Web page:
Monday, January 30, 2006


Crates, ut aiunt, huius ipsius Stilbonis auditor, cuius mentionem priore epistula feci, cum vidisset adulescentulum secreto ambulantem, inerrogavit, quid illic solus faceret? "Mecum," inquit, "loquor." Cui Crates "Cave," inquit, "rogo, et diligenter adtende; cum homine malo loqueris."

"Crates, a student of the same Stilbonis I have made mention of in a prior epistle, once beheld a young man walking alone. He asked the young man, 'What are you doing all alone?' The young man replied, 'I am keeping counsel with myself.' Crates then answered him, 'Be careful, I pray, and take heed; you are keeping counsel with an evil man!"
- Seneca's Moral Epistle X

A comment I received on the last post brought to mind the passage above, and so I decided to simply publish a new post altogether. Last time I pointed out that the discipline of tracing every evil to its root deep within our own nature drives one to "hatred of self," odium se. This hatred of self in turn causes one to despair of oneself and to cast oneself on another.

For Christians, the proper response to hatred of self is contrition and repentance. In the story cited in his tenth epistle, Seneca indirectly points out the danger in keeping counsel with oneself: when we do so we must remember that our company is not to be trusted. Why is contrition and repentance best expressed in community (in my own tradition in the Rite of Private Confession and Absolution)? Well, as hatred of self grows and suspicion of one's own inner nature grows with it, even the Word of God promising forgiveness can be swallowed up within us.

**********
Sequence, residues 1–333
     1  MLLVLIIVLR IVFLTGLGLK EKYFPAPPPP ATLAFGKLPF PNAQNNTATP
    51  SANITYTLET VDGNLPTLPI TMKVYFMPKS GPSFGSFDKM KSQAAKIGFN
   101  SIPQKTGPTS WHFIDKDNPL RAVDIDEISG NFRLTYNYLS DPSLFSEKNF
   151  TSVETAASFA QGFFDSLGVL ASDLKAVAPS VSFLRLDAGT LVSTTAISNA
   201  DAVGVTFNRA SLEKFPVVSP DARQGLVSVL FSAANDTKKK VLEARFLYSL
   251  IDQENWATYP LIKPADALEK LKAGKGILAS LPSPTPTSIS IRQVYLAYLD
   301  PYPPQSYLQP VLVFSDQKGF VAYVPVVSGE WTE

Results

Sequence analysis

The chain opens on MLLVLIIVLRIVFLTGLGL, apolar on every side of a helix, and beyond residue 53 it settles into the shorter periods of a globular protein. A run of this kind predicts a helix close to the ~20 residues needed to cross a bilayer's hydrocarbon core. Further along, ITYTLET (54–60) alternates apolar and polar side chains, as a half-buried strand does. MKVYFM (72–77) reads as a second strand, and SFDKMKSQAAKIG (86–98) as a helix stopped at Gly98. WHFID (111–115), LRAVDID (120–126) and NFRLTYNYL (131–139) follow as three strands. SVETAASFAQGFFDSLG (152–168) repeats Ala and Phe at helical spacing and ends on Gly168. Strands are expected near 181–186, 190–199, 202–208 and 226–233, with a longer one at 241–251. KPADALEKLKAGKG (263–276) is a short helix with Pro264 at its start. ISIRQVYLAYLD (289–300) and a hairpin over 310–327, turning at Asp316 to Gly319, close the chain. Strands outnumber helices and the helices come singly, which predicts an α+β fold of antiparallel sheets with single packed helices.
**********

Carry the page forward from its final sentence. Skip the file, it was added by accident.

Perhaps individuals who feel no need for contrition and repentance in community (in whatever form their respective tradition practices it) have not yet learned to despair of themselves thoroughly. Instead, they take God's forgiveness as their own possession and prefer to "keep counsel with themselves." Crates warns: "You are keeping counsel with an evil man!"

On a related note, this is a very rational reason that "me and my Bible" is a dangerous tendency in Christianity. While the Bible is to be trusted, I absolutely must warn you against this "me" fellow you keep counsel with! When any aspect of the Christian life is taken out of the context of the community of faith, a warning is in order. St. Augustine referred to sinful men as curvatus in se, "curved inward on themselves." Is such an evil, selfish nature to be trusted to correct itself, counsel itself, and interpret God's Word for itself? Of course not!